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I am doing some work that involves dividing two stellar spectra from the same star. Those stellar spectra are constructed by summing random samples of multiple spectra from the same star to improve the signal to noise ratio (SNR). I know that for a sum, the $SNR$ will vary with $\sqrt N$ where $N$ is the number of spectra I am adding to construct each one of my spectra.

My problem is: Assuming $SNR_1$ and $SNR_2$ are the signal to noise ratios of the spectras I am dividing by each other, how can I obtain the $SNR$ of the resulting spectrum?

Do you recommend any documentation where thse operations are explained in detail?

Thanks!

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The usual approximation for arithmatic of quantities with uncorrelated uncertainties that for small(ish) uncertainties $\Delta x_i$ or measurements $x_i$ let's us write for multiplicative operation $$ \begin{array}~ y &=& \left(\frac{x_1}{x_2}\right) \, \text{ or }\, \left(x_1 x_2\right) \\ \frac{\Delta y}{y} &=& \sqrt{ \left(\frac{\Delta x_1}{x_1}\right)^2 + \left(\frac{\Delta x_2}{x_2}\right)^2 } \end{array} $$ (i.e. add relative uncertainties in quadrature).


You can get this kind of result from a bastardization of the chain the rule. Given $y = f(x_1, x_2 , \dots)$ or each input measurement $x_i$, compute $\left(\frac{\partial f(x_1, x_2 , \dots)}{\partial x_i}\right) \Delta x_i$ and add all the resulting terms in quadrature.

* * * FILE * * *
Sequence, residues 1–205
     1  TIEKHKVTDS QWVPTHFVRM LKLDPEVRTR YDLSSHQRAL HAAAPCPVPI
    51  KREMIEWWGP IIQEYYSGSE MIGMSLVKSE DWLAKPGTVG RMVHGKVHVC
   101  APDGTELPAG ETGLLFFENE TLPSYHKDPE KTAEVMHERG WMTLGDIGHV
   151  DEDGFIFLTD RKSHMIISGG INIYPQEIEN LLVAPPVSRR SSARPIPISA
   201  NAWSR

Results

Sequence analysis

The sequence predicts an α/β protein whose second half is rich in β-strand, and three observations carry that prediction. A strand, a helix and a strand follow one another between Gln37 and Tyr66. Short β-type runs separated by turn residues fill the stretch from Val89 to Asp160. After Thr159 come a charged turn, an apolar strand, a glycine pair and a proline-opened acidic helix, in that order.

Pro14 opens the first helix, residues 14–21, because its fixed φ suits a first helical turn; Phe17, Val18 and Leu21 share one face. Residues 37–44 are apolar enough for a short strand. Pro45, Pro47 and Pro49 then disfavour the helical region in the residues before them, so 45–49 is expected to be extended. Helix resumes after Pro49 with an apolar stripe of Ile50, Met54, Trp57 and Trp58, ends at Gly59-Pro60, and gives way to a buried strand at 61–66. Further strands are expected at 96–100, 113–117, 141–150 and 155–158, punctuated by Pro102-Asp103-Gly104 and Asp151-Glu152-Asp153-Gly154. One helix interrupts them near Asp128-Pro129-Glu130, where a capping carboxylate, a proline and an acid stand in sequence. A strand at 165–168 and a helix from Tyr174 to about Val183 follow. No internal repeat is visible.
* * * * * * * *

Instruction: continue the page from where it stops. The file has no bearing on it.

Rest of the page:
You have also been a little free with your nomenclature here. Call $s$ the underling signal and $n$ the random noise (this can be counting statistics or any other random process such as shot noise in the detector, but not a constant bias which must be subtracted off--our noise is assumed to have a mean of zero) with a distribution whose width is characterized by $\sigma$. A single measurement is then $m_i = s_i + n_i$, and the population has a signal to noise ration of $\frac{s}{\sigma}$.

The win from addition is that the sum of $N$ such measurements is $$ M = \sum_{i=1}^N m_i = Ns + \sqrt{N}\sigma $$ meaning that the signal to noise ratio of the sum is $\frac{Ns}{\sqrt{N}\sigma} = \sqrt{N}\left(\frac{s}{\sigma}\right)$, an improvement.

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So, would I be correct if I said that: $ \frac{s}{\sigma} = \left(\sqrt{\left(\frac{s_{1}}{\sigma_{1}}\right)^{-2}+\left(\frac{s_{2}}{\sigma‌​_{2}}\right)^{-2}}\right)^{-1}$ Thanks! –  jorgehumberto Feb 21 '13 at 17:33
    
Also, is there any book that you would recomend on this type of spectra statistics? –  jorgehumberto Feb 21 '13 at 17:40
    
@jorgehumberto It's not astronomy-specific, but John R. Taylor's "An Introduction to Error Analysis: The Study of Uncertainties in Physical Measurements" is pretty much the canonical book for college-level error analysis. –  Thriveth Sep 15 '13 at 21:08
    
@Thriveth Cool, thanks! It will help for sure refreshing my concepts as was out of the academic medium for almost 10 years :) –  jorgehumberto Sep 17 '13 at 11:00
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